A recent Disney patent uncovered for the upcoming Guardians of the Galaxy roller coaster at Epcot can give us a lot of insight as to what kind of ride is in store. Ever since the Universe of Energy (or Ellen’s Energy Adventure) closed in August 2017, there has been quite a bit of speculation as to what the experience will be like. While we don’t have an exact breakdown of scenes and show elements, we now have a good idea of how the ride is going to flow.
Seemingly without question, this ride will be compared to Harry Potter and The Escape From Gringotts at Universal Studios Florida. Let’s jump into the patents to find out why!
First, let’s look at the patent. According to drawings that were filed, a roller coaster system that had the ability of spinning the car 360-degrees is the basic premise. More interesting, the charging system to do so could line up with the undercarriage of the car to charge it in various positions in the ride. This prevents it from needing an electric busbar to power it continuously. It also means the cars will need batteries and a few docking stations. This will be most likely located at load/unload and a few key show scenes.
Naturally, people are going to start comparing the Guardians of the Galaxy coaster to Harry Potter and the Escape from Gringotts since both rides feature similar turning mechanisms to have the coaster car face a controlled direction at any given point along the track. In other words, if the goal is to get you to face a screen, the car turns in an appropriate direction. If the designers want your car to “spin out of control,” they can do that as well at the exact same speed and spin every single time.
Now, why would you want to face a particular section of the show building? Simple: screens. Like it or not, there is no way this ride won’t be filled with screens built into the show sets featuring StarLord, Groot, Rocket and the gang. What might those show scenes be like? I don’t think it’s too far of a stretch to consider Guardians of the Galaxy: Mission Breakout as a good indicator of how those scenes might flow.
Using a similar style of animation, character development and even soundtrack, I’m willing to bet that the new Guardians coaster will be very, very, very similar to Mission Breakout. After all, those projects were in development around the same time. So why start from scratch when similar design work has already been done and those characters have already been created digitally?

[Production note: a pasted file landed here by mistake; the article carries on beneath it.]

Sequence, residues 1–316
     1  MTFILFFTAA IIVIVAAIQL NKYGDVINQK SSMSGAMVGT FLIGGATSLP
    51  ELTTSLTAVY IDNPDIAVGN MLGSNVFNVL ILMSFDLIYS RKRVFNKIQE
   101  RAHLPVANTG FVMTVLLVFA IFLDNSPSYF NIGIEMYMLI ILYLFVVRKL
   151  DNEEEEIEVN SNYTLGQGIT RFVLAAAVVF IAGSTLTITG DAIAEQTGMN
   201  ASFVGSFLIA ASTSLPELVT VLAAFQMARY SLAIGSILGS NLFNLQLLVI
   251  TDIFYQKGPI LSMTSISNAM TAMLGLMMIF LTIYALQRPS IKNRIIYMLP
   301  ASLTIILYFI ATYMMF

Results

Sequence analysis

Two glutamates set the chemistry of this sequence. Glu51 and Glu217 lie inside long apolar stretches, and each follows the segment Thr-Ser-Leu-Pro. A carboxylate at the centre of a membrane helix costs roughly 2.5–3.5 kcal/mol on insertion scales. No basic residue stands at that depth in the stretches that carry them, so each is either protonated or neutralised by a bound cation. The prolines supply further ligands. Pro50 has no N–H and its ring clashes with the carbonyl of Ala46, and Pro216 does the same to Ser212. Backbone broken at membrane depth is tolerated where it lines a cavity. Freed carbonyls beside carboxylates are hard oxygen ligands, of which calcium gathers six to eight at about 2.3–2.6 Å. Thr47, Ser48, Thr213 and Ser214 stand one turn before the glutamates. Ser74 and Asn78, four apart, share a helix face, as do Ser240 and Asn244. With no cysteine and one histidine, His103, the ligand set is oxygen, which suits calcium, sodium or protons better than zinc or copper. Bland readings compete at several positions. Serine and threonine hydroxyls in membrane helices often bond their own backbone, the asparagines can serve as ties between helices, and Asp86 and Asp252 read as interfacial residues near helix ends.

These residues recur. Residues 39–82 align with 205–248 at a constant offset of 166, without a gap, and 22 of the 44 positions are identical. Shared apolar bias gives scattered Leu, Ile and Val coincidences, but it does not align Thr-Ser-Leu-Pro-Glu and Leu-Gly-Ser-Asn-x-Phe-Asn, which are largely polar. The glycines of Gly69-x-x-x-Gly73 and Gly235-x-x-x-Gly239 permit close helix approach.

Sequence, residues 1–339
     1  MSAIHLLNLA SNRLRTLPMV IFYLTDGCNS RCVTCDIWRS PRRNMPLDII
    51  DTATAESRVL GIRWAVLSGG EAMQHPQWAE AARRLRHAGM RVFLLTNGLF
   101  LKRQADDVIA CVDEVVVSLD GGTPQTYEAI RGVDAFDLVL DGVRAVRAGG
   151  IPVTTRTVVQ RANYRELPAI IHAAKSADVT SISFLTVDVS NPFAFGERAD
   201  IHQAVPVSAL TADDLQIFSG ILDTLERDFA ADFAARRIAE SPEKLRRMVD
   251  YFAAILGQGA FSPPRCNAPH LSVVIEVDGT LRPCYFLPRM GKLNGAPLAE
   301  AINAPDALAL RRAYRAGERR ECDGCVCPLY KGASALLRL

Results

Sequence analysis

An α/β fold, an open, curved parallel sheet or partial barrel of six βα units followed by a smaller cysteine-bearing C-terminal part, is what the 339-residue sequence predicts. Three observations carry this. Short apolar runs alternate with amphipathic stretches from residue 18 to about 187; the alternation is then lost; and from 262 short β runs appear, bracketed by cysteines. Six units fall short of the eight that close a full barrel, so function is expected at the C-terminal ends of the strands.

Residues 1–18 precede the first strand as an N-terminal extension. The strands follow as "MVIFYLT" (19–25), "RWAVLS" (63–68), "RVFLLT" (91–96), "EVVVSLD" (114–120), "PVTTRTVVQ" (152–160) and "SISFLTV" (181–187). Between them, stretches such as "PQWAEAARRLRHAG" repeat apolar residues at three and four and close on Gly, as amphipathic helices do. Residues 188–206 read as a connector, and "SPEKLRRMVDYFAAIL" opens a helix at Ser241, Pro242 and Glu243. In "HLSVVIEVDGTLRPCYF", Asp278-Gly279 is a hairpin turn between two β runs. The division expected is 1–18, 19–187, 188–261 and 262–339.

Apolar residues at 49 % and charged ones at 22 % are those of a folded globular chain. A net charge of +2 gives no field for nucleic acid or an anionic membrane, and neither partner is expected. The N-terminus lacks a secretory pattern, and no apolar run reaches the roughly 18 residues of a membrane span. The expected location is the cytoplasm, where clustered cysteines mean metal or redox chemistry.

However, one can’t claim that the track layout for this new Guardians coaster will be anything like Gringotts. Here is part of the description according to Disney’s patent:
There remains a need for a new gravity-based roller coaster design that allows a passenger compartment to be provided motion, including yaw, in addition to its travel along the [direction of travel] defined by the track. Preferably, these roller coasters would facilitate maintenance and provide the motion in any section of the track including corners and areas where vehicles are traveling at higher rates of speed while falling due to gravity (or stored potential energy being converted into kinetic energy) and where it is impractical to provide busbar systems.
This actually hints that the drops in this particular ride will be fairly substantial. On the other hand, Gringotts doesn’t have many drops, and the ones that do have aren’t that big compared to other indoor coasters. In a coaster that could have even one major drop, having a busbar to power anything would not only be inefficient, it would also create a lot of wear and tear on that busbar and the undercarriage of the coaster.
Here’s what we won’t see: tilting track pieces. As many of you who have ridden Escape From Gringott’s know, there are brief “simulator-esque” scenes where the train locks into a piece of track. That track piece has actuators underneath it where it can rock forward or back while the train car pivots from left to right. Universal actually owns the patent on that particular effect, so unless Disney can find a way around the patent without violating how that particular piece works.
Overall, this doesn’t mean that there can’t be various special effect pieces of track that can be added to the Guardians coaster at Epcot. As with most coasters that have opened at Disney Parks for the last 25+ years, the manufacturer is undoubtedly going to be Vekoma. Which is fairly well known for their launched coasters (like Rock N’ Roller Coaster, Tron or Big Grizzly Mountain). Will we see a launch here? I think it’s highly plausible.
So what do you think, will people compare the new Guardians coaster to Escape From Gringotts? Will it be more advanced or perhaps even more thrilling? Let me know what you think!
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